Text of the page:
Uncle looked up and smiled then chuckled a little bit. “Okay, buckaroo, let’s get saddled up.” Uncle laughed aloud once again.
They turned their mounts in a northwesterly direction, riding for half an hour. That when Uncle stopped and leaned way over to look at the ground. Tommy moved closer to have a look. He could see very little, other than where the ground was chewed up.
“At least five of them,” Uncle said. Then he pointed up into the hills, “This way.”
Leaving the banks of the Mad River behind them, they pushed their horses deeper and deeper into the woods. This was dangerous for both man and beast as this is where people tended to live on the edge of civility. A good saddle horse could easily be mistaken for a mule deer and its rider as a jumper onto a mining claim or trespasser into a marijuana field. For this reason both riders pulled out their bright red wild rags, tied them loosely around their necks, to make certain they could be seen.
The tracks led deeper and higher into the hills. Many of the trails were dim as Tommy’s Grandpa was fond of saying. In more than one case, they had to make their own path up a grassy or moss covered slope.
Uncle leaned over and followed the tracks as the two pushed on. The tracks led into a small stand of timber.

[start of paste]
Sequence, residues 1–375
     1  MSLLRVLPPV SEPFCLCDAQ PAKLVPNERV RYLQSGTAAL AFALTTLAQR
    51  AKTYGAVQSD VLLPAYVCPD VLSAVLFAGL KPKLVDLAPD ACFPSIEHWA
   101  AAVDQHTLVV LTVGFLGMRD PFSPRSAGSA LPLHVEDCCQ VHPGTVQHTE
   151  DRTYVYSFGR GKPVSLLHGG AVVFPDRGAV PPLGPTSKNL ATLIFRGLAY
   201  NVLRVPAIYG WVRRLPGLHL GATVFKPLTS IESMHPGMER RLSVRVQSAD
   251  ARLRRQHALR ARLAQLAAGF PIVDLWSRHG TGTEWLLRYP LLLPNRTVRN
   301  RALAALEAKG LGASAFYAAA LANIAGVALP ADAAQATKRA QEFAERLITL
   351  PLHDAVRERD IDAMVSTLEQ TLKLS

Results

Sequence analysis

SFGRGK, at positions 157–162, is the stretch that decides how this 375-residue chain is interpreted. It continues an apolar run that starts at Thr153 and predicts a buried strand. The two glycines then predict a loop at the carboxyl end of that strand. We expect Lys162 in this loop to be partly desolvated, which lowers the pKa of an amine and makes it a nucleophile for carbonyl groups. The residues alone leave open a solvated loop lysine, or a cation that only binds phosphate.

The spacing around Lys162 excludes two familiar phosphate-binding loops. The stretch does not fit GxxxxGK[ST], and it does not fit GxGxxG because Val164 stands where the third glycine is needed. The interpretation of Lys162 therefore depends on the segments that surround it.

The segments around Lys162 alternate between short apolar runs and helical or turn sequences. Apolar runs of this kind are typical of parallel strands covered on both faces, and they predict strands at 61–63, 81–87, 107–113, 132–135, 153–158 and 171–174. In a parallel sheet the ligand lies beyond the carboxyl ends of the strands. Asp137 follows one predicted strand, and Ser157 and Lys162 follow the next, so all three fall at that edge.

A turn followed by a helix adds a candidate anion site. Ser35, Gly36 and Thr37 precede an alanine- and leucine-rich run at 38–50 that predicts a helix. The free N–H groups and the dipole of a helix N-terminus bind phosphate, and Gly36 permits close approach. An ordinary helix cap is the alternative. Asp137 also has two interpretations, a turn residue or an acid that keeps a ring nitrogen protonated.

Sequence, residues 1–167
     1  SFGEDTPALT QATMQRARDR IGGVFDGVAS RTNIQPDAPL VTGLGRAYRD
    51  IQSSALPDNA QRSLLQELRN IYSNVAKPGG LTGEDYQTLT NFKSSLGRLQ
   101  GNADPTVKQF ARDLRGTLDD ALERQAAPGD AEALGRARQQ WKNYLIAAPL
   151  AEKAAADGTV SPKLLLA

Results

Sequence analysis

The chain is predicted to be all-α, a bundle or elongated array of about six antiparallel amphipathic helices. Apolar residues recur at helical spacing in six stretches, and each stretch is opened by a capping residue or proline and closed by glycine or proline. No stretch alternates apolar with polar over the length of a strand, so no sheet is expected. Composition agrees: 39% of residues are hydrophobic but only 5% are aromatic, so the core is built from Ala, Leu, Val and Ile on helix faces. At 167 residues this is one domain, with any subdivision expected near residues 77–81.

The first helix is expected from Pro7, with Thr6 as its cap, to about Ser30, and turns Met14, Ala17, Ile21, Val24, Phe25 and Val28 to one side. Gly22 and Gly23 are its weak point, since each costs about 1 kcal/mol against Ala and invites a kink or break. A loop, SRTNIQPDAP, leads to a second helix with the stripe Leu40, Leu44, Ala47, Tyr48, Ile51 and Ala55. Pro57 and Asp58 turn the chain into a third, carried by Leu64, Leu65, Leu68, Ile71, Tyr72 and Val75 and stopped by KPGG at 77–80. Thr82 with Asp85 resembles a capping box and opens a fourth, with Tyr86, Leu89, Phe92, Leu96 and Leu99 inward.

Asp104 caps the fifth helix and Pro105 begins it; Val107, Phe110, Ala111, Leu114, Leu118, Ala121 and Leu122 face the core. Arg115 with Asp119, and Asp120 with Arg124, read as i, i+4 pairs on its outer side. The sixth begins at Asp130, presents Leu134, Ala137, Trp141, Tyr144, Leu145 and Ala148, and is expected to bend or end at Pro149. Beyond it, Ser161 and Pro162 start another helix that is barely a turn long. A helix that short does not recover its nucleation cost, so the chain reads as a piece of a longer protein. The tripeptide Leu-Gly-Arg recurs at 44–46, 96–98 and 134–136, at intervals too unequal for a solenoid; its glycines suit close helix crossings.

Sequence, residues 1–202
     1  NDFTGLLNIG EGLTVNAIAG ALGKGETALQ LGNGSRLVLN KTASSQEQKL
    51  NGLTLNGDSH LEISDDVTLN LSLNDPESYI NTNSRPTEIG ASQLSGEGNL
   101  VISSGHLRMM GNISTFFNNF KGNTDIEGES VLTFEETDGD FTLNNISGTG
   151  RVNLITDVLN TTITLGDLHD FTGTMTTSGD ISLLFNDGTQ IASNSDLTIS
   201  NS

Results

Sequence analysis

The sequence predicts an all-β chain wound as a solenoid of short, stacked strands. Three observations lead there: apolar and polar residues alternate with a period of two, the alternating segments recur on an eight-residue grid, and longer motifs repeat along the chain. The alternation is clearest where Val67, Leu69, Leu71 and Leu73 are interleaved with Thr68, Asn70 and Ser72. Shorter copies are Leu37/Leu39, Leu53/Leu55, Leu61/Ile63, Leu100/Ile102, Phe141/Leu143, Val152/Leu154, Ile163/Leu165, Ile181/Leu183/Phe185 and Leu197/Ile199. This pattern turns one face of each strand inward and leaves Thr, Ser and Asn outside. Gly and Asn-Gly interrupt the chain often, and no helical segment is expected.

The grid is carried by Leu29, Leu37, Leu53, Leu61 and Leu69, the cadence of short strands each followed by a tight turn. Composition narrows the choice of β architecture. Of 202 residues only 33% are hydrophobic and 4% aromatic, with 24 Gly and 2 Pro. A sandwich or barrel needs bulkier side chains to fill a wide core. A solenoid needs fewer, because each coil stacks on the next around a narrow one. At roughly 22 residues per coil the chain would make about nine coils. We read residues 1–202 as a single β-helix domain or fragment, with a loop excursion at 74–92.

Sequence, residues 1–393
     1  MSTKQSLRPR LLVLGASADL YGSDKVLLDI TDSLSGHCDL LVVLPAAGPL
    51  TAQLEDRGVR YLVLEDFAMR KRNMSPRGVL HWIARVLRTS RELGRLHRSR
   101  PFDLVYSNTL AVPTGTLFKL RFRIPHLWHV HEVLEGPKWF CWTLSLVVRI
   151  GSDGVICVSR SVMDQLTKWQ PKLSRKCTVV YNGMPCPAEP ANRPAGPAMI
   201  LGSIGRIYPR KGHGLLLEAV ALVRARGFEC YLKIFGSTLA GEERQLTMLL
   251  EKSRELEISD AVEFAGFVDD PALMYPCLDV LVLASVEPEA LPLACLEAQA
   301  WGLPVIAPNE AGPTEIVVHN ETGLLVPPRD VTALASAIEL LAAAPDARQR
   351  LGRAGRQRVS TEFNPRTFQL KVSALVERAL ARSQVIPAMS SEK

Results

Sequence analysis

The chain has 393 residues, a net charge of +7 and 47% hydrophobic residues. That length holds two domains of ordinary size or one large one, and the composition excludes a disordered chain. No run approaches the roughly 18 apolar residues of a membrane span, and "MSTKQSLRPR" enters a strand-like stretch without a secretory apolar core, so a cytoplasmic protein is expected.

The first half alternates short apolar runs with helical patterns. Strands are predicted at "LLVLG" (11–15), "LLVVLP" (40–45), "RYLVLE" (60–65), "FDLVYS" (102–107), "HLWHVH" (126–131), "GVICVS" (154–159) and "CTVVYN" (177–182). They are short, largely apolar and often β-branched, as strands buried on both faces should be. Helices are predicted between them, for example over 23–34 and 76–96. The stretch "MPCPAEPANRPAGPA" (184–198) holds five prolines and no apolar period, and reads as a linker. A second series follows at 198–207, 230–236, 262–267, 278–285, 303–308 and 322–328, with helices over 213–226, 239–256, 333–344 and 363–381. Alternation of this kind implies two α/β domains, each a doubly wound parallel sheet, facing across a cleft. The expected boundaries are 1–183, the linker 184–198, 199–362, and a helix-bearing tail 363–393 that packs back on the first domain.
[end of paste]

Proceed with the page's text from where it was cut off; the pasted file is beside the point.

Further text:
There in a clearing stood a man and a woman. They had built a make shift corral and had rounded up seven strays. They were also working on field dressing one of the steers.
The woman saw them first as they rode into the clearing. She looked frightened as she pointed at the man with a bloodied arm and said, “It was his idea.” The man looked up and stepped straight for his rifle.
Tommy saw his action and already had his pistol in hand. The double click of the hammer caused the man to pause in his reach. Uncle rode up and picked the riffle up from the fence post and proceeded to empty the shells from its chamber. He flung the brass cartridges a far away as he could.
“Son of a…” the man said in a barely audible voice.
Then Uncle spoke, “I’d jus’ stand right there, both of ya or my young Ramrod will punch holes in both your souls.” Neither one moved.
Tommy was momentarily distracted by the term ‘Ramrod.’ That meant ‘Boss’ and that his Uncle viewed him as an equal in this ugly affair.
The man looked up at Uncle and stated, “I didn’t think anybody would be up here looking for these cows.”
“Well, you thought wrong,” Uncle replied. Then he said, “Now, ma’am if you’d be kind enough to open that gate and light a shuck under them cattle, I’d much appreciate it.”
She did as she was asked. Then she moved quickly over to a wad of blankets that appeared to be tossed on the ground. Tommy trained his pistol on her until she pulled out a baby that began to cry. He holstered his gun, feeling ashamed of himself.
Uncle raised his right hand to the brim of his hat and said, “Ma’am” as he nodded his head. Then he looked at the man then the half butchered cow and the nearly starved cow still tied to the far side of the make shift corral, “Keep the darn thing and that one too. It seems you need it more than me.”
Then taking no chances, he tosses the once loaded rifle into the brush, beyond the corral. Without another word he clicked his tongue and dashed off into the woods the way he had come, his young Ramrod hard at his side.